Plot: Brenda Ungerland's Post-Tramuatic Growth stands out from the pack as a sober, thorough guide to the process of rebuilding a life after the experience of trauma. The author lays out seven stages of what she calls a "blueprint for transformational change"; inspired by Elisabeth Kubler Ross's stages of grieving, Ungerland's guide to recovering after trauma is frank about the onerousness of breaking down, breaking through, and breaking debilitative habits, but also hopeful, making persuasive promises like "Unraveling actually is very good news." Ungerland offers challenges and exercises crafted to help readers currently at any stage of her process take stock, face truths, and ask themselves tough questions. She draws on neuroscience, psychology, and various mindfulness techniques and illustrates her stages with narratives from real-life case studies and many well-selected excerpts from the work of poets like Theodore Roethke, Mary Oliver, Juan Ramon Jimenez, Marge Piercy, and more.
Prose/Style: Ungerland's interest in poetry will not surprise readers, as her prose is rich, emotive, tender, and somewhat complex. The sentences here often run long, but the author is a strong enough writer to keep meaning and emphasis clear even over multiple clauses and lines. That said, Ungerland is more clear when laying out the broad sweep of her transformative stages than when breaking down actual steps people can take, which at times she renders vaguely. She quotes writing worth quoting, and she's clear when summarizing principles of science and philosophy. Her tone is encouraging and highly rational; when discussing, say, the plasticity of our neural connections, she avoids the common tendency of many authors of self-help books to over-promise readers about the level of control they can exercises over their own brains. The case studies she has assembled to illustrate her transformative stages are independently interesting, but at times they take over the book.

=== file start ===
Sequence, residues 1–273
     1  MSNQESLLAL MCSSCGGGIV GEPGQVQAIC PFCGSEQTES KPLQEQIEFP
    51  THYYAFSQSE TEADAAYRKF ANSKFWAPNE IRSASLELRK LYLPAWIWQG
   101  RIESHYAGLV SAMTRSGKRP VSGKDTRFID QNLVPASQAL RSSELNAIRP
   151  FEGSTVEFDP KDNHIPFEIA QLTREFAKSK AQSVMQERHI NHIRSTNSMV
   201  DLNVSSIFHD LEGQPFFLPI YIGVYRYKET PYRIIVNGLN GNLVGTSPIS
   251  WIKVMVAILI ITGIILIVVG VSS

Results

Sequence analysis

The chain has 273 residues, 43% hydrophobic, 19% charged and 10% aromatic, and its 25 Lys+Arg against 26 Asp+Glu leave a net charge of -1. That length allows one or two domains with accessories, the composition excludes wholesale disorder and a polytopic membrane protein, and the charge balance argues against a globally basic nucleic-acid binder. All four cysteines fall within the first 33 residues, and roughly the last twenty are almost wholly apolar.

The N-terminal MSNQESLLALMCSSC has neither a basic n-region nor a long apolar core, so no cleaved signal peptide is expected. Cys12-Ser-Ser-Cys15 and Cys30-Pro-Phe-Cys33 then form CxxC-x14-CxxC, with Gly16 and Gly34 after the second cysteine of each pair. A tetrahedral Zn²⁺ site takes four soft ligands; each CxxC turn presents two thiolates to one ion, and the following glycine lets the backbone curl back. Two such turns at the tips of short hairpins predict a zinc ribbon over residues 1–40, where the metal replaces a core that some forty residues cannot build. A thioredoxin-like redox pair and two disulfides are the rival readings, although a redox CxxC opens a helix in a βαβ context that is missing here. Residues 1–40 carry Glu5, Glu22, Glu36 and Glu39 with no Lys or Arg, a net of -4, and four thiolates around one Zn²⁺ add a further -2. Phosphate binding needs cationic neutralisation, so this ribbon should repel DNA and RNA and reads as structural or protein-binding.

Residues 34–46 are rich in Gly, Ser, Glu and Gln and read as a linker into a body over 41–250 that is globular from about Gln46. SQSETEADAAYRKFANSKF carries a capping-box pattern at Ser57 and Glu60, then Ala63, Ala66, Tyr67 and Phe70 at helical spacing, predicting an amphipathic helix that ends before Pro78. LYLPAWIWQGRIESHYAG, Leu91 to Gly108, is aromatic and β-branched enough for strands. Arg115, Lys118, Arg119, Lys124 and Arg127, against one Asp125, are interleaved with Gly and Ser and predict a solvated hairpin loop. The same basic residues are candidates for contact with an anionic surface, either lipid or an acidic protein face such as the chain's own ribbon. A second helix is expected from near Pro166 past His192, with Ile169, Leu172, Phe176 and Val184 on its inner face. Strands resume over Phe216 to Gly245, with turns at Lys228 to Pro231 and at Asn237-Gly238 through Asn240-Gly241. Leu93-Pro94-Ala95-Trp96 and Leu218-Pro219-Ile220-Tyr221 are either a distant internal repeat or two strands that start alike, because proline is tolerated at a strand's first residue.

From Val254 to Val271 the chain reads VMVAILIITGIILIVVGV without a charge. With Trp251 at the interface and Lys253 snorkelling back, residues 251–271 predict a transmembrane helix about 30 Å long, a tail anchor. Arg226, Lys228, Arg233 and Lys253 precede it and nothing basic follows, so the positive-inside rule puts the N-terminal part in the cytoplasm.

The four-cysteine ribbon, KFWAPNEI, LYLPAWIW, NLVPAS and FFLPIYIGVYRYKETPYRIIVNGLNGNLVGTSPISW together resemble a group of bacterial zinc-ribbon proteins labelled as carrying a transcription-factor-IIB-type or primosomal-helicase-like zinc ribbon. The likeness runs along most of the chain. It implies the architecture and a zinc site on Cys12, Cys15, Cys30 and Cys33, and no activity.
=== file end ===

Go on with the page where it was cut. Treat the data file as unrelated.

Originality: While Ungerland draws deeply from earlier works, as the helpful index indicates, she has assembled her research in the unique and helpful form of her seven stages, and she guides readers through it with fresh insights and persuasive power.
Character Development/Execution: Ungerland's original stages are a welcome contribution to the literature of trauma recovery, and she explains the process to readers with compassion and honesty. The case studies at times go on for more pages than readers are likely to prefer, though.
Date Submitted: October 16, 2020
Ungerland clearly explains her framework in sophisticated yet clear and accessible prose. Each chapter describes the experiences of patients who have been in this stage, explains relevant concepts and views on psychology and spirituality, includes exercises for readers to try to build resilience, and ends with a brief shorthand summary to remind readers of the contents at a glance. Bonus material presented at the end, including tips on cognitive restructuring and basic principles for change, could stand alone as opposed to being subsumed into other sections.
She has clearly read widely in psychology, philosophy, spirituality, literature, and poetry; the text synthesizes existing work in positive psychology and Buddhism, and it is studded with quotations from a wide range of sources, including Martha Graham, Alice Walker, Albert Einstein, and Rumi. The case studies illuminating each stage are a strength, as is the text’s capacity to inspire hope for surviving chaos and growing resilience. This empathic, instructive, well-written guide will find a home on the bookshelves of both clinicians and readers pursuing healing after trauma.
Takeaway: Mental health professionals and readers seeking well-defined, easy-to-implement principles for transformational growth after trauma will find this guide both insightful and practical.
Great for fans of: Pema Chodron’s When Things Fall Apart, Susan Anderson’s The Journey from Abandonment to Healing.
Design and typography: A
Marketing copy: A-